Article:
Making the Correct Diagnosis: The Cornerstone of Antibiotic Stewardship

Neil Gaffin, MD; Brad Spellberg, MD


May 19, 2017

The correct answer is: E. None of the above. This healthy young man presents with likely allergic rhinitis, which may or may not have a mild acute sinusitis associated with it. In any event, there is no evidence of bacterial infection—there are no fevers, there is no purulence, and conservative management has not failed in this patient.

The itchiness and watering of the eyes and scratching sensation in the throat are typical of seasonal allergies. Antibiotics should not be prescribed; and if a provider prescribes them, the responsible antibiotic steward should actively intervene to stop them.

Fundamental stewardship principles are indeed to use the right drug, at the right dose, for the right duration. Hence, if the correct diagnosis had been acute bacterial sinusitis, and antibiotics were warranted, narrow-spectrum amoxicillin would be preferable to levofloxacin. Broad-spectrum gram-negative coverage, including for Pseudomonas aeruginosa, is not needed for community-onset acute bacterial sinusitis, so fluoroquinolones should not be used. Indeed, fluoroquinolones have a black box warning for such infections due to toxicities such as tendon rupture, encephalopathy, etc.

If levofloxacin is used to treat a pseudomonal infection, the 750-mg daily dose is preferred to the 500-mg daily dose. With respect to duration of therapy, 5 days is sufficient for acute bacterial sinusitis based on multiple randomized controlled trials and meta-analyses.[7] But none of these antibiotic stewardship principles (right drug, right dose, right duration) are relevant when the fundamental problem is a misdiagnosis.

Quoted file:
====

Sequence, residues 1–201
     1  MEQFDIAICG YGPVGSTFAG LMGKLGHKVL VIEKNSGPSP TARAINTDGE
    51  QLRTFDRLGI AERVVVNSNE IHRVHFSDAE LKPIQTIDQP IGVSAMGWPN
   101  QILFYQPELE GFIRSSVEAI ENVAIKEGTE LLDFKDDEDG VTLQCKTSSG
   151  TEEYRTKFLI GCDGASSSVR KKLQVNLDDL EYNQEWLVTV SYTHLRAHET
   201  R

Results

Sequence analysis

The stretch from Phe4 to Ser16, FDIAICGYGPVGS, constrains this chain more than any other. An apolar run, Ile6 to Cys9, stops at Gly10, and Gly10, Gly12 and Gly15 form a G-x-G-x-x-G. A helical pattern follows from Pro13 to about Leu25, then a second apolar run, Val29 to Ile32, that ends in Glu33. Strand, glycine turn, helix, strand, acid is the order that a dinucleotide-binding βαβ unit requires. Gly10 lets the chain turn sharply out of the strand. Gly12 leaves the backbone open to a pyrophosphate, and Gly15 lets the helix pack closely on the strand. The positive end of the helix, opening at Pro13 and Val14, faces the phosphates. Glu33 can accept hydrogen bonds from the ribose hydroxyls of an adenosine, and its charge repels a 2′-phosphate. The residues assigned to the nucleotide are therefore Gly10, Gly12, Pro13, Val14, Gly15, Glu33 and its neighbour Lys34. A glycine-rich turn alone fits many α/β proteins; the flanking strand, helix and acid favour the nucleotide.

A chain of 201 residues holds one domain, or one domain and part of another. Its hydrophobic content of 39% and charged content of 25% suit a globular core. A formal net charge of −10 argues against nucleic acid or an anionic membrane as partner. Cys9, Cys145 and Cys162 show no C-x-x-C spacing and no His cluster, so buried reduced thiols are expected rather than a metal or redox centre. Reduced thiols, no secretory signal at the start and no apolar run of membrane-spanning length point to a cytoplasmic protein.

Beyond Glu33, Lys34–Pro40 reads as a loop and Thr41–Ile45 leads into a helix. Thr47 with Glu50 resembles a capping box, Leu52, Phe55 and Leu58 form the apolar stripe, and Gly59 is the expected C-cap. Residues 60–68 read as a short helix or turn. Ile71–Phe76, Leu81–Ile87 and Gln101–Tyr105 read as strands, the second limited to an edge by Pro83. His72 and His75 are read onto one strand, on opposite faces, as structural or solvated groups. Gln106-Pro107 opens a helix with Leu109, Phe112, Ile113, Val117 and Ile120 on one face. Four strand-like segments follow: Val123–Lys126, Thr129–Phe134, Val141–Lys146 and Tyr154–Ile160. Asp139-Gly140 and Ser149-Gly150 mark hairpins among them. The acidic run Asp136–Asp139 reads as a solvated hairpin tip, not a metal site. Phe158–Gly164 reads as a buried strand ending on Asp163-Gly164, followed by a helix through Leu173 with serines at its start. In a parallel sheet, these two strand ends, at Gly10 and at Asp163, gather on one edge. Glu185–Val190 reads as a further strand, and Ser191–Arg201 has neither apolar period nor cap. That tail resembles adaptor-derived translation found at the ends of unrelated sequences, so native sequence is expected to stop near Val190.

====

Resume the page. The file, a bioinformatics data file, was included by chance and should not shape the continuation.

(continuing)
None of these antibiotic stewardship principles (right drug, right dose, right duration) are relevant when the fundamental problem is a misdiagnosis.

This case underscores that the underlying principle of antibiotic stewardship is to make an accurate diagnosis, which then leads to appropriate therapeutic planning. Patients who do not have bacterial infections should not be given antibiotics at all.

Case #2: An 80-Year-Old Who Is More Tired Than Usual

An 80-year-old woman residing in a nursing facility was noted to be "more tired" than usual. Her family was very concerned that she might have a urinary tract infection (UTI) based on past diagnoses made when the patient's activity level had decreased. In addition, the patient's nurse noted that her urine was malodorous. The family requested that her physician order urine testing. The patient denied dysuria, increased frequency, or urgency.

On exam, the patient was afebrile and hemodynamically stable, with no suprapubic or flank tenderness. Urinalysis revealed >145 white blood cells (WBCs), >182 red blood cells, and negative nitrate. Urine culture grew 50,000-100,000 colony-forming units/mL of Klebsiella pneumoniae. A 5-day course of trimethoprim-sulfamethoxazole was prescribed based on susceptibility testing.


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